Why did K-pop group Momoland wear face masks when arriving in Dubai?

From earthquakes and the SARS virus to celebrity culture, the surgical facemask plays an important role in East Asian societies

epa07241685 South Korean girl group 'MOMOLAND' pose as they arrive for the KPMA (Korea Popular Music Awards) at the Korea International Exhibition and Convention Center (KINTEX) in Ilsan, Gyeonggi-do, South Korea, 20 December 2018.  EPA/KIM HEE-CHUL
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The latest bout of K-Pop fever is sweeping the UAE with genre rising stars Momoland performing at Dubai Tennis Stadium on Friday night.

The mammoth all-girl group, boasting up to nine members, arrived at Dubai International Airport yesterday to an enthusiastic reception. Fans lined the arrivals lounge and followed the group to the terminal where the girls were whisked away in waiting cars.

However, those expecting to get snaps of their favourite member would have been disappointed; all nine Momoland-ers touched down in Dubai donning surgical face masks.

With Dubai’s weather clear, and assuming the business class cabins of their Emirates airline flight was dust free, the masks adorned by Momoland may be strange and rather abrasive.

But the use of surgical facemasks in South Korea and east Asia has evolved from being merely a hygienic practice.

The surgical mask was initially used as a health measure

Dating back to early 20th century Japan, the face mask (as well as veils and scarves) were adopted as a form of protection from the global massive pandemic of influenza that went on to claim the lives of up 40 million people pre-the First World War.

The masks were again used in Japan to protect residents from the massive pollution caused in the wake of the 1923 Great Kanto Earthquake that devastated Tokyo and Yokohama.

The practice spread across Asia in 2003 as a protection from the SARS virus, with virtually every resident of Hong Kong – thought to be the epicentre of the outbreak - wearing a face mask.

As a result, the face mask was accepted as a way of life; residents across east Asia continued to wear them to protect themselves from germs, allergies or general city pollution.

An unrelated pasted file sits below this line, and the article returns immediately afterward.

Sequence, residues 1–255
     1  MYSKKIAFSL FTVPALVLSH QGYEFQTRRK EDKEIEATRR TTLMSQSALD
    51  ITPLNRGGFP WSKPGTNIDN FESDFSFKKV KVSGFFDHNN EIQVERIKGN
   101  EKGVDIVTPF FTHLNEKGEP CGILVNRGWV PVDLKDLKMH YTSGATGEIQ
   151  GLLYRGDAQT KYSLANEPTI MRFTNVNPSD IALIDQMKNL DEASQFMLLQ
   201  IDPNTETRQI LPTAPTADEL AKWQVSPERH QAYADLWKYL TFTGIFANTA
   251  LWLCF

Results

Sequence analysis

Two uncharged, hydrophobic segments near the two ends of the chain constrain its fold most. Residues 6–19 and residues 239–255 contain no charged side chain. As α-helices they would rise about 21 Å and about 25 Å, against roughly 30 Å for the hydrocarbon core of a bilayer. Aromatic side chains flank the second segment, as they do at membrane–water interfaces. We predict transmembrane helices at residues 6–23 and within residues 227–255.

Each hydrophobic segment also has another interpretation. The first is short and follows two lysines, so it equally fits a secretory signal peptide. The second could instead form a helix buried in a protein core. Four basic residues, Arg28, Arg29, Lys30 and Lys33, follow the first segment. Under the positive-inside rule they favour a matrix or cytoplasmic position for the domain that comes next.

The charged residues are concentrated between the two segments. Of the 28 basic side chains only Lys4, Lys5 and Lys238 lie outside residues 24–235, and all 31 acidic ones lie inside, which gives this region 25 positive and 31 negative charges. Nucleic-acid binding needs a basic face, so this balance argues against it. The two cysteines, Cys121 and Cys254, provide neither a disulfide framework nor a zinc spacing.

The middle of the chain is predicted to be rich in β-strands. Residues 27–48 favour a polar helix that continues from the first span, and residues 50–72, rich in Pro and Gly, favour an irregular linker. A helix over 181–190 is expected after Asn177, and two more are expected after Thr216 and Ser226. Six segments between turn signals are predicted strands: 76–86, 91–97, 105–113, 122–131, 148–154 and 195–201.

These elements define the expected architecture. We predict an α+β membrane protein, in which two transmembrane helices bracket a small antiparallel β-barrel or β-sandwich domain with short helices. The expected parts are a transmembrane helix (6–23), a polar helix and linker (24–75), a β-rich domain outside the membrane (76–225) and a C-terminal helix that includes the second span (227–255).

Tourists wear masks as a precaution against MERS (Middle East Respiratory Syndrome) at a shopping district in Seoul, South Korea, Friday, June 5, 2015. Sales of surgical masks surge amid fears of a deadly, poorly understood virus. Despite media warnings about the virus "spreading" in South Korea, most of the cases are linked to a single hospital, as is a Korean man diagnosed in China. There's no evidence yet in South Korea "of sustained transmission in the community," the WHO reports. (AP Photo/Lee Jin-man)

Then it became a handy social barrier

The facemask also proved extremely handy on the social front as well.  With respectful interactions a corner stone of the Taoist philosophy followed in East Asian countries including China, South Korea and Japan, the mask provides a handy away to avoid unwanted attention without causing offence.

Just like the usage of our phones or headphones, the facemask has also become a social barrier and subtle-message to the world that you are not feeling it right now. And that also extends to fashion - the mask has allowed women to be mobile and go where they please without the societal expectations of wearing make-up. Image conscious men also adopted the mask to hide what they deem unfavourable facial features.

A K-Pop celebrity’s best friend

It is no wonder then that this humble accessory has become the best friend of Korean celebrities and K-Pop singers. Members of Momoland can hide the blemishes on faces that could have suffered under the physical strain of continuous live shows and travels, while simultaneously subduing the attention of fans, the press and paparazzi by denying them the emotional and physical connection they crave.

It is a classy way to say “thank you, but I am not interested”.

Momoland perform at Dubai Tennis Stadium on January 4. 6pm. Tickets begin from Dh200 from 800tickets.com


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